Teen Patti – The Indian Poker Game

teen patti

Teen Patti Poker Introduction

The poker market in India continues to grow and gain popularity year on year. In addition to the normal poker variants, India has some of its own card games that Indians enjoy playing. In this article, we’re going to look at Teen Patti, a 3-card poker variant native to India. I hope this post will be useful for both international and Indian visitors interested in learning other card games.

The Origins of Teen Patti

Before we go into the nitty gritty of how to play the game, I always find it helpful to look at its past. Teen Patti originates to the 1500s in Great Britain. It was known as three card brag, a game still played in England amongst older citizens today.

Interestingly, it was one of the first poker games that involved bluffing. It was and is played with a normal playing deck of cards (52) and involves between 2 and 9 players playing.

How to Play Teen Patti

The game can be played in fixed limit, pot limit or no limit formats; players are dealt three cards face down. Like Texas Hold’em, there is a button and forced bets known as blinds. This drives the action.

The betting moves anti-clockwise. The game is won by a player revealing the best hand or making others fold. To win by showing the best hand there must only be two players remaining. So the pots can get quite large as action develops! There are no community cards so what you are dealt is what you have and that is that.

The key to becoming a good Teen Patti player is to understand hand strength and implementing timely bluffs. As the game is played with only three cards each, it is not possible to make five card hands like in most poker formats. That’s why the hand rankings are slightly different.

See below for hand rankings in order of strength.

Three of a Kind

This is the best possible hand to get with a probability of around 0.24%.

Straight Flush

Three cards of same suit in sequential order. Interestingly, this is 0.22%.


Three cards in sequence but different suits.  You have a 3.26% chance of getting this type of hand.


Any three cards of the same suit. Unlike Texas Hold’em, this is less value than a straight in teen patti with a probability of 4.96%.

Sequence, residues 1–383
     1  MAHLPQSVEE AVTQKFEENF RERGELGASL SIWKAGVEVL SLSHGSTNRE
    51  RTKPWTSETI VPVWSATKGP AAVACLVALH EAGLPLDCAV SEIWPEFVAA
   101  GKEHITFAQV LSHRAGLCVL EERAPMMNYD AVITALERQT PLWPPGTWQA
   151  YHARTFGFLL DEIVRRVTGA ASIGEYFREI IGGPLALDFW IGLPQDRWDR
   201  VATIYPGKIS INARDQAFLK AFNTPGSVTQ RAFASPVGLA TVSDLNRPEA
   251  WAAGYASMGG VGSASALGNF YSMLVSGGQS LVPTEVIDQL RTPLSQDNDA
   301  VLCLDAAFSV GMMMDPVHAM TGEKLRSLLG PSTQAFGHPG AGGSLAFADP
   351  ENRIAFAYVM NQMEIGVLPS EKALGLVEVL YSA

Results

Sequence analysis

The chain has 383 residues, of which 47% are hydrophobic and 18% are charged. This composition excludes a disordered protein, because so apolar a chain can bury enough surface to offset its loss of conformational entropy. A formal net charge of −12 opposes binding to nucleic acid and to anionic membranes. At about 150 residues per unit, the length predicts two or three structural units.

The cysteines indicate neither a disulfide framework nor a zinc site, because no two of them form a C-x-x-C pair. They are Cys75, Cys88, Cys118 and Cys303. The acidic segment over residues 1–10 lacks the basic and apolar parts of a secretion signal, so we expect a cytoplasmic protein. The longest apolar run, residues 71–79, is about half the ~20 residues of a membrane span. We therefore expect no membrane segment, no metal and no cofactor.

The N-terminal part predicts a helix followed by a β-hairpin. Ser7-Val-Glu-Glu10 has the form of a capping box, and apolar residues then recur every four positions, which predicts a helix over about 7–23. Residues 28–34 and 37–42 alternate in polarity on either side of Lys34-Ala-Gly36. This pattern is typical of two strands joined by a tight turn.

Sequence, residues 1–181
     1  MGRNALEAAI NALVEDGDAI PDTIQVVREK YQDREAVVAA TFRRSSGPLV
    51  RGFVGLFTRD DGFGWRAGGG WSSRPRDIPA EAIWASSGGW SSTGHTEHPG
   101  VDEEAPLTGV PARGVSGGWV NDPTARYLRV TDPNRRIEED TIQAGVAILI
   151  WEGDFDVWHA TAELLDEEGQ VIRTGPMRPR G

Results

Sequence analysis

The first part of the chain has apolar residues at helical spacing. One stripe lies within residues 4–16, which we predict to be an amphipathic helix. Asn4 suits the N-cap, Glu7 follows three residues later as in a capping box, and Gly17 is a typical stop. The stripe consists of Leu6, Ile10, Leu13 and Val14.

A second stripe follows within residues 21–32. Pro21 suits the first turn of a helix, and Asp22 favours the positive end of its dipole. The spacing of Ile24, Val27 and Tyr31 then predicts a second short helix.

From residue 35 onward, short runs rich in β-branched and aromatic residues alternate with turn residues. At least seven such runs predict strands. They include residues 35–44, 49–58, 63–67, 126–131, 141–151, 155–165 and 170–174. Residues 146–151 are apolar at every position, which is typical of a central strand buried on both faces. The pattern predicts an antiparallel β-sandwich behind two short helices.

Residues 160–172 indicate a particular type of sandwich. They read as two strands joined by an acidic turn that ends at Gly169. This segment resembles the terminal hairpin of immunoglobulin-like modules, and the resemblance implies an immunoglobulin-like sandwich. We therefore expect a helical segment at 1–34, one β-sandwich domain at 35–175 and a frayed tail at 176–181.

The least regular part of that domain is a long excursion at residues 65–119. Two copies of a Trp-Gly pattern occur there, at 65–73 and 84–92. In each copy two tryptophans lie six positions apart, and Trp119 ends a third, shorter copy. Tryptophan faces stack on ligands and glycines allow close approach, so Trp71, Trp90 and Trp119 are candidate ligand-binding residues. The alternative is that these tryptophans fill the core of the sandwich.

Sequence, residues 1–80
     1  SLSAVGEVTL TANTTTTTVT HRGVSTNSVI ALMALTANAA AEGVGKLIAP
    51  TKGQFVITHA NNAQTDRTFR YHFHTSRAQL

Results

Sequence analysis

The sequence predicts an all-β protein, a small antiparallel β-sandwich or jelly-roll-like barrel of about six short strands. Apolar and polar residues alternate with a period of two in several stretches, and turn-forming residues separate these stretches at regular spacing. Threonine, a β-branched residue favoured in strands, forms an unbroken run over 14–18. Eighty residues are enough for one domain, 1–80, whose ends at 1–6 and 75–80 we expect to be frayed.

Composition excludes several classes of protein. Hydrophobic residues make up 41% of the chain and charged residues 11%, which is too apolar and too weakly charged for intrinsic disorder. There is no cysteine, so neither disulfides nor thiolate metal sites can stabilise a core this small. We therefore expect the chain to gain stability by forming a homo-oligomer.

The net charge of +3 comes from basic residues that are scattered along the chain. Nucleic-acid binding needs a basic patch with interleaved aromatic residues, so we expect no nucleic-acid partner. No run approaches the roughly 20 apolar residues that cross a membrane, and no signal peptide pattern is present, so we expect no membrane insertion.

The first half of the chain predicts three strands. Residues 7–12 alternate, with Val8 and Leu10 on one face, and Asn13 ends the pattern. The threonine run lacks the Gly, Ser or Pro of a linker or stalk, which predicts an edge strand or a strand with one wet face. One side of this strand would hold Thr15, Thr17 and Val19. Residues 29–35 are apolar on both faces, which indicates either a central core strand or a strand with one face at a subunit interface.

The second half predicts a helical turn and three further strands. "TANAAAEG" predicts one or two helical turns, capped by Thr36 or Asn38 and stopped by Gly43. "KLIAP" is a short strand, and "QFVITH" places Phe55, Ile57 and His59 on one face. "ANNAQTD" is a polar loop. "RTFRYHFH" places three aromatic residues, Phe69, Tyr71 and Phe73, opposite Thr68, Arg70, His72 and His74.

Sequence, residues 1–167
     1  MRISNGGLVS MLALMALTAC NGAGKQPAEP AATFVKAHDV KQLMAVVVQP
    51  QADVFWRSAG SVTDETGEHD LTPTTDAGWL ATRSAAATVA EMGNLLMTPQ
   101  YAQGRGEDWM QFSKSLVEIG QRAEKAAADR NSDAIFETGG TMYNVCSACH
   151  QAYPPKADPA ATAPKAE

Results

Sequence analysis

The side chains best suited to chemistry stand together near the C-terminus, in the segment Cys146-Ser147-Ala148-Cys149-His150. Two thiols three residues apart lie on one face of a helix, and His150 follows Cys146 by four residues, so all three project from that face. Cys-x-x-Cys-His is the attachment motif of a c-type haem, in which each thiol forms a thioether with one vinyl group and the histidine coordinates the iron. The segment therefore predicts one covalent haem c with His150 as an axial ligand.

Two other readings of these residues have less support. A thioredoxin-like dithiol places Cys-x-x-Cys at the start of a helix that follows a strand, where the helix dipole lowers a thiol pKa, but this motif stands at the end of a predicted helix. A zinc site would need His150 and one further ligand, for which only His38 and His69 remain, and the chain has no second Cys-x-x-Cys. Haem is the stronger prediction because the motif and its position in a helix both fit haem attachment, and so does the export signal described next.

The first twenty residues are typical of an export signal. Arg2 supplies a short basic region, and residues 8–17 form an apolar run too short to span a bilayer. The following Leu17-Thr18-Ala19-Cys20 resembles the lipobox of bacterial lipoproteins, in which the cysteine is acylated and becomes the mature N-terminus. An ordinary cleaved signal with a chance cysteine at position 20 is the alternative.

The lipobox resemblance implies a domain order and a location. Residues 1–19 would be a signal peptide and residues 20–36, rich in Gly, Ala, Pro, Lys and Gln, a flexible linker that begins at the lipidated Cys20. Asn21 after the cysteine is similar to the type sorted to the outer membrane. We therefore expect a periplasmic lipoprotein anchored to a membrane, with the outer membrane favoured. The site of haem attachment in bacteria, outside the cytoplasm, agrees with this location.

Two common cards e.g., a pair of kings. You can expect to get a pair around 16.94% of the time. Remember, the higher the pair, the more valuable.

High Card

This is where you have nothing, no pair. You will get this more often than not, approximately 74.39% of the time. You can see why bluffing is important?

Is it Legal for Indians to Play Teen Patti?

The laws in India are complex ,old and vary state to state. This is not a helpful answer but my research into this article shows that Teen Patti is a primarily lucky based game and therefore not permitted for the most part. However, it is legal to play in some states online. There are also foreign websites that offer Teen Patti to Indians too. In short, if you’re an Indian looking to play real cash Teen Patti, play on a foreign site like Luckydice.in recommends, or check your local state laws.

Other Teen Patti Variants

In this post we’ve focused on the common and most popular way of playing. Unsurprisingly, there are other variations that exist. Below are some interesting twists:


Players put in agreed amount in the pot. Then, they are dealt their cards. Each player then has the option to exchange a card. To replace the card, you have to put in the pre-agreed amount. This version can get quite expensive!

2 Cards Open

This version involves two cards being face up and visible to everyone. The third card is face down and only seen by the player. The regular version is adopted for the remainder of the game.

One-Eyed Jack

This variant is a funny one. The Jack of hearts and the Jack of spades are called one-eyed jack and become jokers.


Every player is dealt one card and put in a pre-determined amount into the pot. Without seeing, they pick their card and put it on their forehead. Every player can therefore see each others card except their own. This game is usually the final hand of any game and done for fun.

Image Source: Freepik.com

Narciso Baldo is the Director and Head Coach of Texas Hold'em Questions. He has been playing poker for over 16 years. After spending many years as a professional, he now runs UK poker training site Texas Hold'em Questions. Narciso regularly writes poker articles sharing tips, strategy, news and experience with gambling enthusiasts. Narciso also writes for reputable gambling portal Casino City Times, (bio here). Contact: info@texasholdemquestions.com